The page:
The Fortune Teller Murders

April 21, 2005 in Westminster, California…

Tanya Jamie Nelson (aka Phyong Thao Nguyen) showed up for her appointment at the home of Ha Smith (aka Jade Smith). Ha’s daughter Anita Vo was also at the house.

Tanya was the owner of a lingerie and gift shop in Roanoke Rapids, North Carolina, but she had grown up in a wealthy family in the Little Saigon area of Orange County, California. Her family had immigrated to the United States in 1979 and had visited with Ha many times before.

Ha was a 52 year old Vietnamese fortune teller. She charged as much as $6000 to clients, who came from all over the United States, to cast spells for them. Her daughter Anita, 23 years old, was a college student.

Tanya was angry with Ha. Ha had told Tanya, in a reading, that if she moved her lingerie business to North Carolina, she would make more money.

Tanya had opened her first lingerie store in 1998 in Orange County, California. She and her husband filed for bankruptcy in 2000.

In 2004, Tanya moved to North Carolina and opened another store. She felt that the new store had not been as successful as Ha had predicted it would be.

Shortly before the murders, Tanya had visited Ha with a personal problem. Tanya had been having an affair with her brother in law. He broke off their relationship, but she wanted him back. Tanya went to Ha asking her to cast a spell that would make him love her again. Ha told her that she couldn’t do that and that Tanya should just get over it. This further angered Tanya.

With Tanya that day was Phillipe Zamora. He was a 55 year old machine operator who was also from North Carolina.

According to Phillipe, after they entered Ha’s home, Tanya went to the kitchen and grabbed a knife. She began stabbing Anita. When Ha realized what was going on, she began to scream. Phillipe said that Tanya yelled to him to “kill her!… Don’t let her scream!” He hit Ha in the shoulder with a wine bottle and then stabbed her with knives he found in her kitchen.

While Ha and Anita lay dying, Tanya and Phillipe ransacked the house. Ha was known for her expensive tastes. The pair made off with jewelry, phones, credit cards and cash. They missed the motherload, though. Ha had over half a million dollars stashed in her vacuum cleaner and coffee maker.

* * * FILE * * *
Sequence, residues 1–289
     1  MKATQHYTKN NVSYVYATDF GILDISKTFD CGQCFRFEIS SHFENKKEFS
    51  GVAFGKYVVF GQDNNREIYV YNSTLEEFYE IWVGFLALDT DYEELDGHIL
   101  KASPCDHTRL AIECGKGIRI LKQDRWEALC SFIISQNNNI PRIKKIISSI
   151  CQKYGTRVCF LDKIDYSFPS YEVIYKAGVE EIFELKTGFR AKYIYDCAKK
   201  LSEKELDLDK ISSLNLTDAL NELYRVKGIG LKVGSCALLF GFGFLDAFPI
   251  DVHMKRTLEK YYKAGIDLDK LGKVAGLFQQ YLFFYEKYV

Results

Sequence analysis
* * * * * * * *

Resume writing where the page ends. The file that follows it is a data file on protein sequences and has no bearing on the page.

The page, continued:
Next, Tanya and Phillipe drove to Wal-mart and purchased a gallon of white paint. They applied the paint to Ha and Anita’s hands and faces.

Police were called the next day when Anita’s friends noticed she was missing. Ha and Anita were stabbed in the head, neck and chest. They also had defensive wounds on their hands. When the bodies were found, the white paint puzzled police.

In his book, Southeast Asian Diaspora in the United States: Memories and Visions Yesterday, Today and Tomorrow, Jonathan H. X. Lee suggested that the paint may have served more than to just hide any evidence or identifying features of the two women. He suggested that the Vietnamese believed that this would have kept their souls from uniting with their bodies in death. The soul wouldn’t be able to see or recognize their own face. Also, white is the color worn at Vietnamese funerals.

This particular community was very superstitious. They believed strongly in astrology and spirits. They believed in shamans, palm reading and the Chinese Zodiac. This was common in many Vietnamese communities.

This was not the first time that Ha had been robbed. In 2001, a burglar broke into her home. Ha was home then too and she was tied up while the robbers stole $300,000 in cash and jewelry.

The difference between this robbery and the last one was that there was no sign of forced entry. It was clear that Ha knew her attacker.

The police checked her appointment book and noticed that Tanya had scheduled an appointment the day of the murder. When Tanya used Ha’s credit card to purchase her return flight to North Carolina, police were notified. She spent approximately $3000 in total. She used the cards to book a vacation and purchase new clothing, electronics, expensive meals and luggage.

Tanya was arrested on May 30, 2005 in a hotel room. They were able to link her to Phillipe through the receipt for their flight home. In Tanya’s appointment book, found in her home, she had written “horrible sin” on April 21, 2005.

Phillipe was arrested shortly after. He confessed, but laid most of the blame on Tanya. He knew Ha because his wife had been a client of her’s.

They were both charged with 2 counts of 1st degree murder.

Phillipe went on trial first in March 2009. He pled guilty on April 12, 2010 and was sentenced to 27 years in prison. He did not receive the death penalty because he agreed to testify against Tanya. Phillipe did not speak English and needed an interpreter for both trials.

Tanya’s trial began in January 2010. She pled not guilty. On February 15, 2010, Tanya was found guilty and she was sentenced to death. She is awaiting execution at the Cental California Women’s Facility in Chowchilla, California.

In a press conference, Loan Ngo, Ha’s sister, said, “I prayed every night for this… I think they can Rest In Peace now.” [1]

A video summary of this week’s post can be found at

Sources/Photo Credits

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